I never thought about that until I read the book. She thinks that western emphasizes too much about self-esteem, to the extend that it could be unrealistic and not condusive for children’s progress. I think I’m partially agree with her. It’s important to be honest with kids and their achievements. It’s also important to build their confidence, especially when the kids is in lack of it. But I wouldn’t appraise my kids for doing or achieving small things. An appraisal is real when is not offered everyday. Furthermore, what I will appraise is not their achievement, but how they achieve it. I will appraise for the hard work, not their innate ability. The kind of confidence I want my children to have is that they can think that they can achieve anything they want if they work hard enough.
8. Part of Chua’s rationale is that she understands what all Chinese parents understand: “that nothing is fun until you’re good at it.” Do you agree? Is playing the piano well as an adult, for instance, worth those toothmarks bitten into the piano as a child?
I don’t agree that you should be good at something to have fun with it. But I do think that when you dedicate more time on something, you begin to fun or interesting things about it. The opposite can occur too, when you’re forced to achieve in something that you started as hobbie, you  might not find it fun anymore.
9. How, eventually, is Chua “humbled” by her daughters—in what way do they prove wiser than their mother? Is, in fact, Chua truly humbled by Lulu? Does she have a genuine awakening?
Her younger daughter Lulu has a very different personality than Sophia. When she became a teenager, she refused to follow Chua’s guidance and rules. Lulu showed Chua that she can achieve high even without her intervention. It was awakening for Chua. It was hard for her to recognize that she cannot force Lulu to do what she wanted anymore. She had to let her go and grow. However, I don’t think she was wrong with Lulu at the beginning. If she was not strict with Lulu when she was little, she might not have the discipline and hard working personality she has afternoon, therefore she wouldn’t be ablet o success in tennis.
10. Is success worth the time and effort it takes to maintain oversight and discipline…and, most especiallly, is it worth a child’s unhappiness? Is that unhappiness only momentary in the larger scheme of life? In the end, is the payoff—a lifetime of accomplishment—worth the cost?
What’s true and long term happiness? Is it to play with toys for 10 more minutes each day? Will the kids remember being able just because of that? Those small unhappiness, or better said, discontent, that are momentaneous and easy to forget, are condusive for a long term happiness. I think they worth the cost. Obviously depriving kids to play 24 hrs a day is not healthy, but allowing them to play as they wish when they know nothing about discipline is not healthy either.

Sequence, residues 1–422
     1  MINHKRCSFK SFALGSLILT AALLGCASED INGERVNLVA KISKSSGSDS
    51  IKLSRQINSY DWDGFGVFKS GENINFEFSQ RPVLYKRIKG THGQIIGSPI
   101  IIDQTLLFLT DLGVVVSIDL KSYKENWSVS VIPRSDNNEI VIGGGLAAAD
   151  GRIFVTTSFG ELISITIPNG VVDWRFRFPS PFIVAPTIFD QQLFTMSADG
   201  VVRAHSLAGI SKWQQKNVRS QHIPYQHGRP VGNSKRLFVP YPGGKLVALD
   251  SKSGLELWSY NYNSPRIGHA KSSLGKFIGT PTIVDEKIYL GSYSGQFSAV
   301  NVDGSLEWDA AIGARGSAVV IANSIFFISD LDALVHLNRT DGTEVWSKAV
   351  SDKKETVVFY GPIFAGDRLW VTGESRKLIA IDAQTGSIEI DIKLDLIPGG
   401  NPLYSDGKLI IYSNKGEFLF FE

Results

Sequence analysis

My overall take of the book is that it’s important to show that discipline and hard working are important in children’s early life. As parents I feel that it’s our responsability to do that. They’re tools that everyone should have in order to pursue a successful life. The second lesson is that every kid is different and how to raise them should differ as well. It’s really an art. Both Star and I are excited about the journey we’re about to start! 🙂 


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4 responses to “Thoughts: tiger mom?

  1. I love your take on this book…I read it a while ago and while I don’t agree with 100% of her practices, I appreciated her honest portrayal of herself and the way she raises her kids. I found it interesting that even though her kids somtimes “hated” her, they also appreciated how dedicated she was to their success, and appreciated that she persisted in helping them achieve their music and academic goals.

  2. These are such insightful answers and it gives a really clear view of your perspective on parenting and how you wish to raise your child. You and Star are going to do a great job! You have a clear idea of what you’re headed for and you have the strength of mind to be able to take on this challenge with a big heart and open mind. I can’t wait to read all about it when your little bundle of joy arrives!

  3. liz

    I read this book a while ago and I think that will really help parents with there child/children